Both unsupervised and supervised methods described above have their weaknesses. For the H / A / -classification, the thresholds are somewhat arbitrary and not the entire polarimetric information can be used due to the inability to determine all four angles that parameterize the eigenvalues. The Bayes minimum relies on a training set or initial clustering of the data. However, each algorithm overcomes some of the shortcomings of the other.

Therefore, a combination of the two algorithms seems attractive . An improved classification can be obtained by first applying the H / A / unsupervised classifier to set up and cluster 16 initial classes, followed by the minimum distance classifier based upon the distribution of clustered parameters. The distribution can be taken from the complex Wishart distribution, and iterations can be used to optimize the class separation boundaries , , .

**Figure 7-5**: Combined Entropy / Anisotropy / - minimum distance classifier

The combined algorithm is outlined in Figure 7-5. It can be viewed as an unsupervised algorithm, as the initial classification is unsupervised. However, as the iterations refine the cluster means and boundaries, the final classes should be scrutinized and assigned labels based upon a physical interpretation. Note that while the initial clustering is made in the H / A / domain, the minimum distance classification is performed using the coherency matrix directly. After the Bayes classification, the clusters may overlap in the H / A / domain. The classifier results do depend upon the number and diversity of classes input to the Bayes classifier, so it is always useful to experiment with different initial classes.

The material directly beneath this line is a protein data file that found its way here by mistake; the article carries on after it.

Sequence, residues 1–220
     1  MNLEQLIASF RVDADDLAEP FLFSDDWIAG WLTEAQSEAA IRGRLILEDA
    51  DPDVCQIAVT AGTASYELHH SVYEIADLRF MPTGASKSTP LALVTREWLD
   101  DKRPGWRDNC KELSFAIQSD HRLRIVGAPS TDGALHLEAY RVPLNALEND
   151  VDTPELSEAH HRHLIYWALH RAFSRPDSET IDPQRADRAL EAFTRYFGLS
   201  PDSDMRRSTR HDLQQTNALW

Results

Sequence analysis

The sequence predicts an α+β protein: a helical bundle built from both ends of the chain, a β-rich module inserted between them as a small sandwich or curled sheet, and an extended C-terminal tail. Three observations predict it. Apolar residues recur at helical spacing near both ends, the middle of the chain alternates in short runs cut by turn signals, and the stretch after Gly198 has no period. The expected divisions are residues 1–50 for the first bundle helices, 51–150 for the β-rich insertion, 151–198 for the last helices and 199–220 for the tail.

An example of the results of the combined H / A/ Bayes classification algorithm is given in Figure 7-6. Four sea ice types, three water classes and four land classes have been extracted from an April 1994 SIR-C image off the west coast of newfoundland . The level of detail of the extracted ice types is an indication of the power of computer classification of polarimetric radar data.

Classification algorithms can include a *segmentation algorithm* in which neighbouring pixels that have common characteristics are grouped together prior to the assignment of classes. If done properly, segmentation can significantly improve the classification results .

**Did you Know?**

that many classification algorithms are in use and more are still being developed, because the success of the algorithms are very dependent upon the sensor characteristics, and even upon the scene content? Some of the common tools developed include the method of principal components, maximum likelihood estimation (MLE), optimal Bayesian methods, maximum a posteriori estimation (MAP), clustering methods, neural networks, minimum distance and parallelepiped methods and Markov random fields.

**Figure 7-6**: Classification of land, ocean and ice types from a SIR-C polarimetric C-band scene off the West coast of newfoundland .

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